Balance and awareness are the cruces of life and they should be followed
everywhere, right from what you are wearing, and how you are behaving to how you
are carrying yourself under different circumstances. And just like every other domain,
scuba diving too has a long list of dos and don’t once your expedition is over. There
are certain things you should best avoid doing just after the dive of bliss in order to
keep a healthy relationship with your body and relish the dive to the fullest.
Mentioned below is the list of don’t, that will surely make you more aware of the
Ditch that booze party plan
It's not a good idea to drink alcohol right after a dive since it may interfere with our
body's ability to expel excess nitrogen. Dehydration is one of the leading causes of
decompression sickness, and one of the most effective ways to dehydrate oneself is
to consume alcohol.
Give a miss to ziplining
Ziplining is a fun pastime, but altitude is an issue (again). In the mountains, there are
several ziplining opportunities. Before you book, double-check the height of your zip
lining location, and zip with caution.
Don’t board an aeroplane
One of the most well-known concerns to divers is flying after scuba diving. This is a
common problem in the diving industry since divers want to make the most of their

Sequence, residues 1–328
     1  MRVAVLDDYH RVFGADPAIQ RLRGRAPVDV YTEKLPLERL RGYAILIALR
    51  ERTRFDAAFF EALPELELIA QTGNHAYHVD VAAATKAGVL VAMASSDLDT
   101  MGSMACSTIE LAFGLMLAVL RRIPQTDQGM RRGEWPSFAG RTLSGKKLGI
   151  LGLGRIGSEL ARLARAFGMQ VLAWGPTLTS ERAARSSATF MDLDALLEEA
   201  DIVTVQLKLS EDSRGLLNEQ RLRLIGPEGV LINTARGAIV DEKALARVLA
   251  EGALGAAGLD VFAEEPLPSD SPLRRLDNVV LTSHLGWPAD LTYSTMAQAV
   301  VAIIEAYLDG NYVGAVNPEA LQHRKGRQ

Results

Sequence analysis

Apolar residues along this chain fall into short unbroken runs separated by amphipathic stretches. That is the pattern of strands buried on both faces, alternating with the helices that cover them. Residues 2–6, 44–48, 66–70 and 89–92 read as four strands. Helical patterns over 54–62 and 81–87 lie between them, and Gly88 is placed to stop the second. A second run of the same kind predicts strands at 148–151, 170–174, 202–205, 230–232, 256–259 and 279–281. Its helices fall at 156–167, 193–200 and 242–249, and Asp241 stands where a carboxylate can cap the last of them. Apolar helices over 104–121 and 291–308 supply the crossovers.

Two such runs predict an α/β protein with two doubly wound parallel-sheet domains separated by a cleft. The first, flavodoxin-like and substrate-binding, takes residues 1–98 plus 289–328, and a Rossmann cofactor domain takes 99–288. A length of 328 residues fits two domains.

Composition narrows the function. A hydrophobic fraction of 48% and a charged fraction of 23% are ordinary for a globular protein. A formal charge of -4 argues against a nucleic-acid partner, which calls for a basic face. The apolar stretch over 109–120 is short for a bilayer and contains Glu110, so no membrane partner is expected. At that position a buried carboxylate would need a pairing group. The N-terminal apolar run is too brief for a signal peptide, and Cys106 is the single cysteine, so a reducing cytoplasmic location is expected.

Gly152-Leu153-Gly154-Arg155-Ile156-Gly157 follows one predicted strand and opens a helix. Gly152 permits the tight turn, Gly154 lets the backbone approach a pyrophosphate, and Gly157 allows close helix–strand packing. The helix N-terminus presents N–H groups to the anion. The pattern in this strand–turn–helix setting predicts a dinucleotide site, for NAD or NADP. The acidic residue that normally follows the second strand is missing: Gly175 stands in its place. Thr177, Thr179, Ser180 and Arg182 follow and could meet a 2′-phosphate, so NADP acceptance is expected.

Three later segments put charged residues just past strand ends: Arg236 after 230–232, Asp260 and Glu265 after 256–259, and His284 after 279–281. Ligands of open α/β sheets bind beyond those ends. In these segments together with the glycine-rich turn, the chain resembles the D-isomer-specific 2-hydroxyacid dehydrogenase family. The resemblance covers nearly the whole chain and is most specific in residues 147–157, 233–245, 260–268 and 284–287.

diving excursions and obtain as much diving time as possible. The major cause for
this warning is the pressure within the plane's cabin, not the flight itself. When you
fly, the air pressure drops. If you took a plane immediately after diving, the rise in
altitude would cause a reduction in pressure similar to a rapid ascent when diving.
The more time and depth you spend diving, the more nitrogen is taken into your
Avoid the urge of getting warmed up
Your initial instinct after a chilly dive, especially in cold climes, is to warm your hands,
have a cup of hot coffee or hot cocoa, and simply warm up in general. A warm
shower or hot tub may seem like a wonderful idea at first, but when you consider
what it's actually doing, you might want to take it easier. Rapidly raising your body
temperature or a specific portion of your body, like your hands on a radiator, is the
quickest way to speed up decompression in that location, but this can also trigger
decompression disease because these gases can form bubbles.
Don’t book an appointment for a massage
After a hard day of diving, getting a massage may seem like a nice way to relax, but
massages should be avoided if possible. Massage increases blood flow, which may
allow tiny nitrogen bubbles to merge into one huge bubble, yet no instances of DCS
have been reported as a result of massage. Deep tissue massage is strongly
discouraged since it might produce bodily pain, which can lead to a
misinterpretation of decompression sickness after a dive.
By simply avoiding these mentioned things, one can enjoy diving without meeting
any unwanted situations.